Letters 3/3-3/10 | The Source Weekly - Bend, Oregon


You say "there are also studies that indicate that higher minimum wages actually reduce job opportunities for working class men and women, as fewer employees are hired and sometimes the raises result in reduced hours." Please cite the source of these studies. Could they possibly be funded by the restaurant owners and grocery lobbies, the Chamber of Commerce, the Farm Bureau, and other groups who traditionally oppose paying higher wages to their employees? My independent research over the years since Oregon raised its [minimum wage] and tied it to [cost of living] indicates that jobs in low wage industries (even fast food) have increased (the recent Great Recession being an exception on many levels). Those who propose a higher MW actually cite sources for their arguments. The Source should tell us who funds the studies you cite in your editorial. The low-wage workers who serve us our meals and lattes, work in retail in downtown Bend and at the Old Mill and beyond, all deserve a raise.

—Michael Funke via bendsource.com

Editor's note: For the record, our editorial neither supported nor opposed an increase in the minimum wage. Rather, it encourages a debate that moves beyond rhetoric and relies upon facts. We don't have the answers to the minimum wage question, but we welcome the conversation.


My family and I moved to Bend in July of 2014. Part of our decision was the improved bike infrastructure compared with Charleston, SC, the town we moved from. We live on the west side and, when the weather is amenable, I ride my young daughters to school in the Old Mill area on my cargo bike. I find the cycling lanes to meet the barest level of safety for that ride, but the fact is I am hyper vigilant when I ride on the streets. I have to bear in mind at all times while riding that the smallest mistake by a person driving a car could be fatal to me and my girls. The fact is, to feel safe, the cycling lanes need to be physically separated from the roads.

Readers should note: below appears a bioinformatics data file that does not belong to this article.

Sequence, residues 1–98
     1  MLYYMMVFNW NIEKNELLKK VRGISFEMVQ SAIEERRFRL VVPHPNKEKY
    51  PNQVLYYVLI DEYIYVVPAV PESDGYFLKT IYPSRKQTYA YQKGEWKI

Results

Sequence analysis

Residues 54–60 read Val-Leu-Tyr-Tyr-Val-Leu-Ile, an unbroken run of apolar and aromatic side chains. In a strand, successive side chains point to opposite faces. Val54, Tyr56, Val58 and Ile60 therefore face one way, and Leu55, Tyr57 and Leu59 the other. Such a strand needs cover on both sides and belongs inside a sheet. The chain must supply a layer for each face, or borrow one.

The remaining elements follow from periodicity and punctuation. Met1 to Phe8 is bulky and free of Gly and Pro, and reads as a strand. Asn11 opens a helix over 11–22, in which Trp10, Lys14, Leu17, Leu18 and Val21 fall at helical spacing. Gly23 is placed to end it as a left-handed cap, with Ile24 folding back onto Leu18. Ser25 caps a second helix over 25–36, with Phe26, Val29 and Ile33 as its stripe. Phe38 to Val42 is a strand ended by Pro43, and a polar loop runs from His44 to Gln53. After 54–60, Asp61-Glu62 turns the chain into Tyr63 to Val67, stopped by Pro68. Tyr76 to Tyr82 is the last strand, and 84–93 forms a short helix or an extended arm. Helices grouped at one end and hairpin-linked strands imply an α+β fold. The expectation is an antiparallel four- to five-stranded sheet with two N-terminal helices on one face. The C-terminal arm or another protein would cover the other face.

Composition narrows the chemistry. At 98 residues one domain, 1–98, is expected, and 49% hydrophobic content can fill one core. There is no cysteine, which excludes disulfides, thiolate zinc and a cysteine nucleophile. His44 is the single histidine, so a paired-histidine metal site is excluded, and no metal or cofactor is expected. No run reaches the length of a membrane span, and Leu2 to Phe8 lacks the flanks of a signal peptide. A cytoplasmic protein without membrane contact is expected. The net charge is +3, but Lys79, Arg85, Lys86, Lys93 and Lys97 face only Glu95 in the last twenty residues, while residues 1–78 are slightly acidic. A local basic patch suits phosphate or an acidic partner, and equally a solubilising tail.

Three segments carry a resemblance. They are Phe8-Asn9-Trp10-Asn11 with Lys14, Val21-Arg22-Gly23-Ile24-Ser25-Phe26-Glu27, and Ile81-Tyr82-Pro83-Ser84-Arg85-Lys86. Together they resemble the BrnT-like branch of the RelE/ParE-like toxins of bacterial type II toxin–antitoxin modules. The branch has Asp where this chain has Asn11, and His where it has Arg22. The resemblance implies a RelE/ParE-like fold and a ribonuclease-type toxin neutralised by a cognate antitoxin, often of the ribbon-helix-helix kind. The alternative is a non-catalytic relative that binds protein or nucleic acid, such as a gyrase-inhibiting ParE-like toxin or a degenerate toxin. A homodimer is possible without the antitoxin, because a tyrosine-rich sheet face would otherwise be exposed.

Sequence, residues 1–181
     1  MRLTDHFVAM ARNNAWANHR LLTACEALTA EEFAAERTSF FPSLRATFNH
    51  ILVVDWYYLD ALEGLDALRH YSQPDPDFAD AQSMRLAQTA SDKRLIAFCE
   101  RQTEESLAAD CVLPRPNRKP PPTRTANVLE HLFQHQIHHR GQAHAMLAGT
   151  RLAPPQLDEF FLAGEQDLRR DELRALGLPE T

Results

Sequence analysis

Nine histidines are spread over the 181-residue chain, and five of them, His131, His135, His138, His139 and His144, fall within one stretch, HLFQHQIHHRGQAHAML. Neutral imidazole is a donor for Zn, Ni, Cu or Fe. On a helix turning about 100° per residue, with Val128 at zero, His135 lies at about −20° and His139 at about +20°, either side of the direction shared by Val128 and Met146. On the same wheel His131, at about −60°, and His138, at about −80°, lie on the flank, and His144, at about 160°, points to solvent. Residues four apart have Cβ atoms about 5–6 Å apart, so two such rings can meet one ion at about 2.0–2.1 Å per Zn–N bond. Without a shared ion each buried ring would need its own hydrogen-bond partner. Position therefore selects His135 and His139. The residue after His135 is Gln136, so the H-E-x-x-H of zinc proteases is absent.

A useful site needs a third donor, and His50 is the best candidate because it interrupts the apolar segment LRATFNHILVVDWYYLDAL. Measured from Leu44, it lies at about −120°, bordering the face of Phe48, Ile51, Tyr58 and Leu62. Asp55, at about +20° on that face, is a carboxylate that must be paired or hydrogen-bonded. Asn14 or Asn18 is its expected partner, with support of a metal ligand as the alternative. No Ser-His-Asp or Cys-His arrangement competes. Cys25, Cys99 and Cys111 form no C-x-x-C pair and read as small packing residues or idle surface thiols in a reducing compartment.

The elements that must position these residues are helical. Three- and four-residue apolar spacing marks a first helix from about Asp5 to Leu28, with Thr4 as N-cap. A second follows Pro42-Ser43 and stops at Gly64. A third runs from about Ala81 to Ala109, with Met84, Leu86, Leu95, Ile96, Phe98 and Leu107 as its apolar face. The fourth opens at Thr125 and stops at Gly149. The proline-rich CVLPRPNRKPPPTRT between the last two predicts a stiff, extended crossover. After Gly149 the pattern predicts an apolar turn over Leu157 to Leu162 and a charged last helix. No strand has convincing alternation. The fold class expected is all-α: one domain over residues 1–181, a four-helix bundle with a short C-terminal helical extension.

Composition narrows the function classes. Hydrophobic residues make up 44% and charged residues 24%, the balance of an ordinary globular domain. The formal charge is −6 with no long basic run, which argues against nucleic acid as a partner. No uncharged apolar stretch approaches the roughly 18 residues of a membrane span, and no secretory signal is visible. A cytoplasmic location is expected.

The stroke of genius would be for those who lay out bike lanes to abandon the concept of cars and bikes traveling the same lines of travel. Bike "lanes," and for that matter pedestrian pathways, should follow lines of travel that your average 12-year-old on a bike would find—cut-throughs, shortcuts, and pathways that have nothing to do with roads. Eagle, Colorado, recently created "singletrack sidewalks" that are the perfect example of what we need—meandering trails that carry runners and bikes completely separate from roads. Bend is geographically compact enough that, with the right trails, a cycling or running commuter can get where they want to go without feeling at risk.

—Charlie Thiel via bendsource.com

The east-west corridor disconnect across Bend has been troublesome for decades, and it is NOT enjoyable to ride from someplace like downtown to, say, the hospital for a number of reasons besides the discontinuity of bike lanes. You also have to contend with: 1) badly chip-sealed/patched roads; 2) debris and rocks from winter sanding in the bike lanes that only gets swept once or maybe twice, seasonally; 3) storm drains/manhole covers that are at much lower elevations from the layers of asphalt overlays and, lastly 4) striped lanes that are not even a basic three feet wide (such as along Penn/Neff Road up and over the north flank of Pilot Butte).

So, it's not always the best consistency in Bend, but it's better than some other U.S. towns, I guess.

—Rachel Stemach via bendsource.com